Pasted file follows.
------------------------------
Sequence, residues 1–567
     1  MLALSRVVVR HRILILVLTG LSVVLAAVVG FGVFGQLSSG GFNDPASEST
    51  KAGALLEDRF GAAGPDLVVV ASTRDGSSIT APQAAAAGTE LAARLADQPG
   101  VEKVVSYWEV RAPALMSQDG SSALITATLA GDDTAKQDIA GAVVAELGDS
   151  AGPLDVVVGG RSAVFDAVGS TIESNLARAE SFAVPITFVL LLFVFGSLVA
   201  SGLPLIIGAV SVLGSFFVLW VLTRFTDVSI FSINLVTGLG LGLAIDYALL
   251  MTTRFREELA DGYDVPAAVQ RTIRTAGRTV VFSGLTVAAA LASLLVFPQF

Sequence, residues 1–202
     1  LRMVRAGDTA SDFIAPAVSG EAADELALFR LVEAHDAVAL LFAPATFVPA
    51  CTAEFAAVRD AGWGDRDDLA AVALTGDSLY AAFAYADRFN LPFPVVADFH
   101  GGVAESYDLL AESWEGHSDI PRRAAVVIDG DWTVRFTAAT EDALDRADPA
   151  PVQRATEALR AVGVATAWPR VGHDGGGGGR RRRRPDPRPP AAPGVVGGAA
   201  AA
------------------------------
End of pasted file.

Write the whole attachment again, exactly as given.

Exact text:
Sequence, residues 1–567
     1  MLALSRVVVR HRILILVLTG LSVVLAAVVG FGVFGQLSSG GFNDPASEST
    51  KAGALLEDRF GAAGPDLVVV ASTRDGSSIT APQAAAAGTE LAARLADQPG
   101  VEKVVSYWEV RAPALMSQDG SSALITATLA GDDTAKQDIA GAVVAELGDS
   151  AGPLDVVVGG RSAVFDAVGS TIESNLARAE SFAVPITFVL LLFVFGSLVA
   201  SGLPLIIGAV SVLGSFFVLW VLTRFTDVSI FSINLVTGLG LGLAIDYALL
   251  MTTRFREELA DGYDVPAAVQ RTIRTAGRTV VFSGLTVAAA LASLLVFPQF

Sequence, residues 1–202
     1  LRMVRAGDTA SDFIAPAVSG EAADELALFR LVEAHDAVAL LFAPATFVPA
    51  CTAEFAAVRD AGWGDRDDLA AVALTGDSLY AAFAYADRFN LPFPVVADFH
   101  GGVAESYDLL AESWEGHSDI PRRAAVVIDG DWTVRFTAAT EDALDRADPA
   151  PVQRATEALR AVGVATAWPR VGHDGGGGGR RRRRPDPRPP AAPGVVGGAA
   201  AA